When introvert Sarah boards a plane to fly home after an overseas holiday, the last thing she expects is Aiden, the guy sitting next to her who’s never flown anywhere before and refuses to shut up. Hours of random conversation later, they part ways. Sarah can’t stop thinking about Aiden, though, and wondering if she made a terrible mistake letting him go. Should she abandon her safe, predictable life and go in search of him, or would she be chasing a happily ever after that could never exist in real life?
I don’t make friends on aeroplanes. I know there are people who like to strike up a conversation with the complete stranger sitting next to them, but that’s not me. It’s not that I’m an unfriendly person. It’s more the fact that the conversation centre of my brain seems to seize up in the presence of strangers, and I can’t for the life of me figure out what to say. And even if the other person is happy to simply babble on while I pretend to listen and be interested, I’d really rather be doing something else. Like reading. Or watching a movie. Or sleeping. Or trying to figure out how to stop crying.
Yes. Crying. Because if being shy and awkward isn’t enough, today I’m adding red eyes, tears, and suppressed sobs to the embarrassing mix.
I stare out the tiny, oval window at the patches of reflected light on the wet runway and silently ask God to leave the seat next to me empty. I can’t deal with a chatty neighbour right now. I’d rather watch the black sky and incessant rain until we reach cruising altitude. Then I’ll close my eyes and let sleep take the pain away.
Oh, STOP IT. It’s not like someone died.
I wiggle around a bit in my seat and sniff, trying to listen to my inner pep-talk voice. Think of the good things, I tell myself. I’m on my way home. I’m leaving behind the dreary, wet weather for a sunny, summer climate. That, at least, should make me happy. But thinking about home leads to thoughts ofwho I’m flying towards, and that only makes my stomach twist further.
I hear the sound of a bag being dumped onto the seat at the end of my row. There are only three seats between the window and the aisle—mine and two others—so there’s a fifty-fifty chance this person is about to plonk him or herself down right next to me.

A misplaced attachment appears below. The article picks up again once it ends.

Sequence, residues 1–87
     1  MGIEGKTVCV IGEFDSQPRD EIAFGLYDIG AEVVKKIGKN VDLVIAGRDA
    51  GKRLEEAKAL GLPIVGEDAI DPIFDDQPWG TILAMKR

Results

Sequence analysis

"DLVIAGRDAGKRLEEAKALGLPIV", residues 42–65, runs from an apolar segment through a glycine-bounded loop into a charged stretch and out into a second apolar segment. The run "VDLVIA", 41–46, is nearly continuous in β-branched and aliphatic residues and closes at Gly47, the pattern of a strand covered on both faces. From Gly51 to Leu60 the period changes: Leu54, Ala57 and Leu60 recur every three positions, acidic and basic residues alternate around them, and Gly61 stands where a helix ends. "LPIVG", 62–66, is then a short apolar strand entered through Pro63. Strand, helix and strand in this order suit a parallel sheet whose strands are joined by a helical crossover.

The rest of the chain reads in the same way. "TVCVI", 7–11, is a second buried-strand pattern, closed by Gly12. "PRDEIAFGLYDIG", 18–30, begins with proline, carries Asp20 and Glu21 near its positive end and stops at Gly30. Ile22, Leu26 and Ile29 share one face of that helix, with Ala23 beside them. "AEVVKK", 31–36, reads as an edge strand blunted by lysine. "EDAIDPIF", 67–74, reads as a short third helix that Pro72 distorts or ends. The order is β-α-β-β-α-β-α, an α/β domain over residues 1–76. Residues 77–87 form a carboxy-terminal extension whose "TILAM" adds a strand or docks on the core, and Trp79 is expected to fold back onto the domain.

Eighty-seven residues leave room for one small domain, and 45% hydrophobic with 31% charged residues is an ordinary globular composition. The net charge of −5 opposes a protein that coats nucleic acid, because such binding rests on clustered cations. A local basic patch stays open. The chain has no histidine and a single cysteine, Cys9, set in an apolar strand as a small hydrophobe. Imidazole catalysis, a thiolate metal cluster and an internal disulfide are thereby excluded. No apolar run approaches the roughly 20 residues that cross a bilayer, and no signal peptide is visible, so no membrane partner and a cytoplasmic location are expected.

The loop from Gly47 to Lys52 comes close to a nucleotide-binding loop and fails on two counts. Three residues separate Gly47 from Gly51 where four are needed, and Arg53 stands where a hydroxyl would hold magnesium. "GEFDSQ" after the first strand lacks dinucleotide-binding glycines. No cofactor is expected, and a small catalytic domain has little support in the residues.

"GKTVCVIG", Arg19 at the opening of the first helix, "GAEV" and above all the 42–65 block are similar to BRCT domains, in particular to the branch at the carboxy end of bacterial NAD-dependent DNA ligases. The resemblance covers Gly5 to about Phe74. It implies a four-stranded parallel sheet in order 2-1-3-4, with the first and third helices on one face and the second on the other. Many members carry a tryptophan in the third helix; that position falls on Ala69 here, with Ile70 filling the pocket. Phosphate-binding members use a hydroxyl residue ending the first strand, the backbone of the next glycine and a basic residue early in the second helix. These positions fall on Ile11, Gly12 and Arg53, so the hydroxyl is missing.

I angle myself more towards the window and swipe my fingers beneath my eyes. I start the furious tear-banishing blinking. Stop crying, stop crying, stop crying. All I need now is for someone to see my blotchy, wet face and start asking me what’s wrong.
I hear someone settling into a seat. I don’t feel movement right beside me, so it must be the aisle seat. Fantastic. I send up a quick thank-you prayer and remind God that it would be spectacularly awesome if He could keep the seat next to me empty.
A tickle inside my left nostril alerts me to the fact that my nose is dribbling. I sniff, but it doesn’t help.Crap, where are my tissues? I lean forward and reach down by my feet for my handbag. Brown strands of hair fall in front of my face and block my vision, but if I can just get the zip open and feel past my purse to the tissues—
No. Too late. Now it’s trickling down my lip and I’m digging around in the bag and I can’t feel the stupid tissues and a drop of tear-snot just landed on my hand and yuck! I haul the ridiculous handbag—I told Jules I didn’t need something so big—onto my lap with one hand while holding the back of my other hand to my nose. And there the tissues are. Right next to my purse. Perfectly easy to find. I rip one from the packet and jam it against my nose to stop the tear-snot flood.
And that’s when I catch a glimpse of the guy sitting in the aisle seat. A quick sideways glimpse, but enough to tell me he’s cute. Excellent cheekbones, a strong jawline, and perfectly messy dark brown hair. Terrific. My nose is dripping snot in front of a cute guy. Not that I should care that he’s cute, or that he’s a guy, because it’s not like I’m going to talk to him, and it’s not like I’m even available—am I? I don’t actually know. And thinking about that makes me want to cry all over again—but STILL. I don’t want to look blotchy and snotty in front of a cute guy.
Rachel Morgan was born in South Africa and spent a large portion of her childhood living in a fantasy land of her own making. After completing a degree in genetics, she decided science wasn't for her--after all, they didn't approve of made-up facts. These days she spends much of her time immersed in fantasy land once more, writing fiction for young adults.
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